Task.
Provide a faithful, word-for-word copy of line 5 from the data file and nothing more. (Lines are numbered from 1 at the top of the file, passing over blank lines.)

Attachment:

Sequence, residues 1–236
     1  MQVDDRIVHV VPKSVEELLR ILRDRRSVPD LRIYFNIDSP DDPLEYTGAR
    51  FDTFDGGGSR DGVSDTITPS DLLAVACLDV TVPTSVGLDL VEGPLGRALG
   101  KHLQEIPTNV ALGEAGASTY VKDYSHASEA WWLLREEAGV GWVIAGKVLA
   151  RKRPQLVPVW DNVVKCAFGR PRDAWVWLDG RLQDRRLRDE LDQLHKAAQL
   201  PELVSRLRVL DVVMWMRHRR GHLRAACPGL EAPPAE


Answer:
   151  RKRPQLVPVW DNVVKCAFGR PRDAWVWLDG RLQDRRLRDE LDQLHKAAQL